When I was the newly hired president of Burger King USA, I worked for the late and legendary restaurateur, Norman Brinker. I was in Norman’s office one afternoon after he had seen a memo that I had written to one of our senior leaders. I was noticeably thorough and prescriptive in terms of laying out the course of action, to which Norman offered an alternate approach.
“I saw your memo to so-and-so and have a thought for you,” he said. “Next time, why don’t you just focus on the objective and leave how he gets there up to him?”
He continued, “Two things will happen: one, you’ll find out how smart he is or ain’t, and two, he might just come up with some new ideas you hadn’t thought of.”
That moment 36 years ago has shaped the way I’ve operated ever since, particularly when it comes to mentoring. While many mislabel mentorship as giving advice, there’s much more to it.
Rethinking the role of the mentor
The principle Norman Brinker instilled in the story above—both as a mentor to me and in my mentorship to others—is that it’s not so much about giving direction. A mentee still thinks and acts on their own, just with the advantage of having a mentor’s wisdom from which to draw. Mentoring means listening, observing, asking and sharing—not guiding or supervising.
Confidence through critical thinking
Let’s say you’re faced with a difficult choice; a mentor, in this situation, will serve as a sounding board. Oftentimes, we don’t know what we think until we hear what we say. You might go into the conversation asking for your mentor’s advice, but once they’ve shared their opinion, you’ll likely carry the discussion the rest of the way. By thinking aloud, you are building confidence in your own decision.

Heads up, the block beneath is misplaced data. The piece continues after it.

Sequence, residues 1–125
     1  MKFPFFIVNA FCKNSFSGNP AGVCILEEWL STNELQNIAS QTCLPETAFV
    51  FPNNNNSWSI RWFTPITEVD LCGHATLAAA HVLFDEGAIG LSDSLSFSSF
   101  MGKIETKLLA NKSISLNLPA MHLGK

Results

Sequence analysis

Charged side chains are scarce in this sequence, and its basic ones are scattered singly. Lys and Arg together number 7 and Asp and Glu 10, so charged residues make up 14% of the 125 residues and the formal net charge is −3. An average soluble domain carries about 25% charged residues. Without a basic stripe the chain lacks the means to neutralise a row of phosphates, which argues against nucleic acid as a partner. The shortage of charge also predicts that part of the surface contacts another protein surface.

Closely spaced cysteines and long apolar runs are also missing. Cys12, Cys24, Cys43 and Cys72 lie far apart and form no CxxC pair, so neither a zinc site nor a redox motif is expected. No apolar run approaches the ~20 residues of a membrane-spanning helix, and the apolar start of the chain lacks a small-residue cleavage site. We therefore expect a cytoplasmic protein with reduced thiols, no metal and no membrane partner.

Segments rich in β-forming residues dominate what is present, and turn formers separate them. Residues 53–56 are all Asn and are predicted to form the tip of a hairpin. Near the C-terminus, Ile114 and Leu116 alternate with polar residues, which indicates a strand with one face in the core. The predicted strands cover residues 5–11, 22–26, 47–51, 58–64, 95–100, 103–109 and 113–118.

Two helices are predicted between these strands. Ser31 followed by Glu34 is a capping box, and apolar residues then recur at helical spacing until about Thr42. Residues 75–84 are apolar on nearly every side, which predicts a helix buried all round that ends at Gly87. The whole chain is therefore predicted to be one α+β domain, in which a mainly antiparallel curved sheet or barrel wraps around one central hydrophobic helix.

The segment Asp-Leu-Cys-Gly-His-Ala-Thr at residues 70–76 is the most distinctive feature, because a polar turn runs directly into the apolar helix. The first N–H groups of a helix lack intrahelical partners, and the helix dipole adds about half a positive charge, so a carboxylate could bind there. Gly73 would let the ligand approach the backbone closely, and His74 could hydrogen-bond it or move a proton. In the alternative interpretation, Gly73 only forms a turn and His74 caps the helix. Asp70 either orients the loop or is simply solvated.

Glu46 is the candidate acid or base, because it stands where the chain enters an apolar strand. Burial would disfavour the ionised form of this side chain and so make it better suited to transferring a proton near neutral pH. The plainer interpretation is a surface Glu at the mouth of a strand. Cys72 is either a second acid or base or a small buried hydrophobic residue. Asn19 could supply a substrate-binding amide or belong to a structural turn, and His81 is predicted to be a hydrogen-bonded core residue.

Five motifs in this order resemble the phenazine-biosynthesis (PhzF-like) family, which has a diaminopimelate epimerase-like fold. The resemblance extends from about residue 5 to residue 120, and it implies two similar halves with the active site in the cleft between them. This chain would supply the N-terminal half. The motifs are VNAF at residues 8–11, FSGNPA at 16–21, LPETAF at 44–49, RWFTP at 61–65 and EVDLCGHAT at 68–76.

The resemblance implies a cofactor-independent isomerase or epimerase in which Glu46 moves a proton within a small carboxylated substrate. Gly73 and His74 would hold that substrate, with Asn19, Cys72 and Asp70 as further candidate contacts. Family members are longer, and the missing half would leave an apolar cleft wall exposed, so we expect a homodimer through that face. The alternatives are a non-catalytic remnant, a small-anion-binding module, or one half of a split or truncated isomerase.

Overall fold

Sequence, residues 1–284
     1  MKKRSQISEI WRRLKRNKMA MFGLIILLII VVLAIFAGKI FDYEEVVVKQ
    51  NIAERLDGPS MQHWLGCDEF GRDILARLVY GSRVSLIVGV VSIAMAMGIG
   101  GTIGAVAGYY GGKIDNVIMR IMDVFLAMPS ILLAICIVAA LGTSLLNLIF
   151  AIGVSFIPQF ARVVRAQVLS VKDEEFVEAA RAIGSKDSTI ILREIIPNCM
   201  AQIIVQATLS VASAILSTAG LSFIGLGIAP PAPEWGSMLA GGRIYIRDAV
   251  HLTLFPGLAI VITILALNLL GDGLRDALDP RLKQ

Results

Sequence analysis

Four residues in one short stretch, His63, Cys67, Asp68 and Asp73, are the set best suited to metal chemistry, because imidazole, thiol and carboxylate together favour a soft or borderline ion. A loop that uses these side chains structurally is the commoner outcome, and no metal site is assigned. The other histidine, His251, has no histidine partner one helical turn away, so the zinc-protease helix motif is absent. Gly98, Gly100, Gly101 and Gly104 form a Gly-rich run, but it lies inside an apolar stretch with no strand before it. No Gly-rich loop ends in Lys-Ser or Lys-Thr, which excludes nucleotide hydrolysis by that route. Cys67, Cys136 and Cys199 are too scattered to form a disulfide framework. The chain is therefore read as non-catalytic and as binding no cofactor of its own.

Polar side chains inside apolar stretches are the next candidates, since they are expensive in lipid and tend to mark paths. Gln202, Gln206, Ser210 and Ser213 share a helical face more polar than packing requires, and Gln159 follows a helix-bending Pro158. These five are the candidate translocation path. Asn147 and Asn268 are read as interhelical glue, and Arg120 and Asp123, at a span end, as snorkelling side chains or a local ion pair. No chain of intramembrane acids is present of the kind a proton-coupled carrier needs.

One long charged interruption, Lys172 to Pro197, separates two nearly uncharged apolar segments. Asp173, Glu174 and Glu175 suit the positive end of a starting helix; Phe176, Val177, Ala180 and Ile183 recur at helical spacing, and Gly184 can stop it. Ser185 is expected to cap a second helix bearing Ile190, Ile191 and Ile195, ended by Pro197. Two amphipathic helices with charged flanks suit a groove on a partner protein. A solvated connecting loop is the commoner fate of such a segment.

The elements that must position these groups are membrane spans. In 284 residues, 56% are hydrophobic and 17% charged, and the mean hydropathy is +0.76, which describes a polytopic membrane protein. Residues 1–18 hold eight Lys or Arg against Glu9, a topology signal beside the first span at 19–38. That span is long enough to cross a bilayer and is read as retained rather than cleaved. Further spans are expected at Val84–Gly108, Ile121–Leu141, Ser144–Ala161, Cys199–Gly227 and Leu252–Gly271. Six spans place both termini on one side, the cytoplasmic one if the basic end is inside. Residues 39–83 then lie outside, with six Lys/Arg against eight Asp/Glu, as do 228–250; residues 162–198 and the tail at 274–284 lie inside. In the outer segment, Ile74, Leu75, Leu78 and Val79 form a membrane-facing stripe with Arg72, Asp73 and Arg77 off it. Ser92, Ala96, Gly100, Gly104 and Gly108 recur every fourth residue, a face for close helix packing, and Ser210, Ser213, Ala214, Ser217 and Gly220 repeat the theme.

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Mentorship is one of the most underutilized means of passing knowledge between levels and generations of management within an organization. When I talk about structured mentorship, I’m likening it to matchmaking—which is something we do in our Hospitality and Tourism Management (HTM) and Meeting and Event Management Master’s Programs at San Diego State University. Every student is matched with a mentor based on what they’re trying to accomplish in their personal and professional growth; in many cases, mentors are HTM master’s alumni.
Creating structured mentorship in a corporate setting will naturally involve guidelines and protocol that can at times make the initiative itself feel rigid. But when you match the right people, they usually don’t need much to work with and will figure it out for themselves—yet another nod to the story I told to start this article—with minimal structure required.
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Layers of valuable input
A few years ago, I was mentoring a senior executive who wanted to earn consideration for becoming the successor to the soon-to-retire CEO. True to everything I’ve shared thus far, I gave him a template (rather than a roadmap) for developing his own plan of how he was going to get where he wanted to go. When the document reached a point that we both believed it was well-defined and ready to present, he took it to the CEO.
“I can help you do this,” the CEO said, essentially becoming another mentor in the executive’s journey.
I share this as an example of how mentorship can build from one person to the next—especially in the corporate world, where it has the ability to replace authority with collaboration. “Learning from” and “working alongside” are much more fruitful for everyone than “reporting to.” Mentees in our master’s programs often find the experience so intellectually stimulating that they seek to pay it forward and become mentors to subsequent cohorts.
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A two-way street
The most rewarding aspect of mentorship boils down to building meaningful relationships and learning from one another. I can tell you from my experiences that I have gained just as much insight and introspect from any and every one of my mentees as they have gained from me—and I know my own mentors connect with the same outlook. Everyone has both wisdom to gain and wisdom to share.
San Diego State University partnered with MPI to create the first-ever meeting and event management master’s degree program. Learn more and start the application process now!